In my daughter’s room I took it one step further. The three light switches in her room are wired to her ceiling fan, her ceiling fan light, and a switched outlet. It always seemed a little silly to me to have to flip two switches to turn on the everyday lights in her room, and when she recently got a room makeover that included under bed LEDs and Nanoleaf light tiles on her wall it was annoying not to have a switch for those lights. Using the power of home assistant, node-red, and a couple shelly devices I can now flip the first switch to digitally activate the relays to switch on her ceiling fan light and floor lamp together, and use the other switch to trigger an automation that turns on her nanoleaf tiles, and under bed lights.
To add one more level of customization I also made it so if you turn on the nanoleaf switch first the lights will come on pink and purple, but if you filp on the main room lights and then the nanoleaf they will come on as warm white. Almost anything is possible when using home assistant, and shellies are my favorite devices that enable that functionality because they are simple, unobtrusive, and they work right out of the box.
The next device is the RGBW2, a wifi LED controller that provides pwm control for up to 4 channels of low voltage DC LEDs. The RGBW2 is the only shelly device we’re going to see today that doesn’t run off of mains AC voltage. Instead it accepts either 12V or 24V depending on the type of LEDs are are using.
Most people will probably end up using the RGBW2 to control LED strips like I’ve done under my daughter’s bed, but it can also be used to control 12V or 24V white LED spotlights.
Back when I did my initial review of the shelly RGBW2 I decided to test how it would perform with my DIY 8 channel ceiling light, and I was so impressed with it’s functionality and reliability that I ended up just leaving it connected. The obvious downfall is that there are only 4 channels instead of 8, but I connected two spotlights in parallel on each channel in order to be able to control all 8 LED spotlights.
The newest shelly device to join the lineup is the shelly dimmer, a triac based dimmer that connects to mains power and can dim up to 200 watts of dimmable LED or halogen bulbs. The shelly dimmer comes in two different types, standard and SL. The standard version requires a neutral connection like all of the other shelly products we’ve looked at today, and the shelly dimmer SL is the first shelly devices to be able to be installed without a neutral, unfortunately only on 220V so far, so no luck for us Americans on 110V yet.
The shelly dimmer can of course be installed behind a switch for more traditional functionality, but I think its best applications are a less traditional. If you install a shelly dimmer behind an unswitched receptacle you can pop the hot wire tab and have a single dimmed outlet where you can plug in a power strip or extension cord to dim multiple lamps at the same time.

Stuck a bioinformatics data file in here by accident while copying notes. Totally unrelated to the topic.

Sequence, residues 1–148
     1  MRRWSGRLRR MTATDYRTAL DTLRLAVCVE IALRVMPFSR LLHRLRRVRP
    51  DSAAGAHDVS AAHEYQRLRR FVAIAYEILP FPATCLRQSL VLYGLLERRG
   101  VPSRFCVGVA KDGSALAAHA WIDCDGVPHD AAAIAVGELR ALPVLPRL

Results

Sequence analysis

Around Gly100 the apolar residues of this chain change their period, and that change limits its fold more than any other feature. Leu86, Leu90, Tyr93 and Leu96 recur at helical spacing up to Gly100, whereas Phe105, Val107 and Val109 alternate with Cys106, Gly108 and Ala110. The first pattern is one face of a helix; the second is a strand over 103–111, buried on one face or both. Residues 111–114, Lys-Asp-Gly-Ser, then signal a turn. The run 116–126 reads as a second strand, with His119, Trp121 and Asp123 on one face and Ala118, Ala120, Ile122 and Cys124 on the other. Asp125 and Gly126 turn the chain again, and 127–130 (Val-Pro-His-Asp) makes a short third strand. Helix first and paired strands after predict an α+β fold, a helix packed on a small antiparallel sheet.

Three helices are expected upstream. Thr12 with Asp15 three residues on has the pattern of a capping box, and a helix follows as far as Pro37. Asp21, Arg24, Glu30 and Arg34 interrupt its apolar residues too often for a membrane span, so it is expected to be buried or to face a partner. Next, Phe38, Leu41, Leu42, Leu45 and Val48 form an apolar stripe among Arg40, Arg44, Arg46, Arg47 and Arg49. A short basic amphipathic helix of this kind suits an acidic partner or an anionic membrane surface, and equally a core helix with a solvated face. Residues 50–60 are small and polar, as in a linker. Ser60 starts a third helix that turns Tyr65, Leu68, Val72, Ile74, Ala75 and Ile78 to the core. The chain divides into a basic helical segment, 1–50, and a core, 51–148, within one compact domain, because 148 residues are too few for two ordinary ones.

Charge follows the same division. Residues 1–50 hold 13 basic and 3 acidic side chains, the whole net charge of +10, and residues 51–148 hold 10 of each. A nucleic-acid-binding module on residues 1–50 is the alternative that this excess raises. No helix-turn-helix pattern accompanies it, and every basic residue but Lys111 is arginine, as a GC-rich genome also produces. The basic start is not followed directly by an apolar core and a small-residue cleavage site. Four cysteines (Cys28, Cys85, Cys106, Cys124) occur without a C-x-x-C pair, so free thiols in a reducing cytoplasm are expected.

But that got me thinking… why go to all the trouble to install the shelly dimmer behind an outlet if you need to install an extension cord to realize the full functionality? So I whipped up a quick 3d print to house the shelly dimmer and installed it inline on an extension cord. Now I have a portable wifi controlled dimmable circuit that can dim all the lights connected to it at once.
I’m using it in my living room where I have a floor lamp, desk lamp and two uplights that get turned on every day as ambient lighting around dusk. From 5pm to 7pm my family is still very active so we like these lights to be on at near full brightness, but after my daughter goes to bed my wife turns on the TV and I sit down at my computer to work on youtube, so we want the lights to be on, but more subdued.
Since these lights aren’t connected to a switched outlet it would require 6 smart bulbs to dim them, or a single shelly dimmer. I’m regulating the dimming level based on time of day in in node-red, but the shelly app also allows for dimming schedules and night mode where the brightness of a lamp is automatically adjusted based on the time of day.
If you are only trying to dim a single lamp the shelly dimmer is so small it can even be installed in the base of a medium sized lamp.
Before I end this video, I’m going to borrow a move from the Paul Hibbert playbook and respond to a comment that I know is coming, and that is that the shelly devices are more expensive than the sonoffs… and it’s true. But it’s not like the shelly devices are overpriced, or even expensive, it’s just that sonoffs are impossibly cheap. That being said, I think the shelly lineup is also significantly higher quality than sonoffs and the customer service is top notch, especially on their facebook support page where can regularly find their CEO Dimitar responding to customer posts.
If you have a favorite use for shelly devices that I missed make sure to let me know down in the comments. I’ve also finally set up a facebook page for The Hook Up where you can hopefully go to get help with the projects that are featured on this channel. If you’re struggling with completing one of my projects come on over and ask your question on the facebook page, and if you have completed my projects and you think you’d be able to help answer questions when I’m not around I’d appreciate it if you’d come and join as well.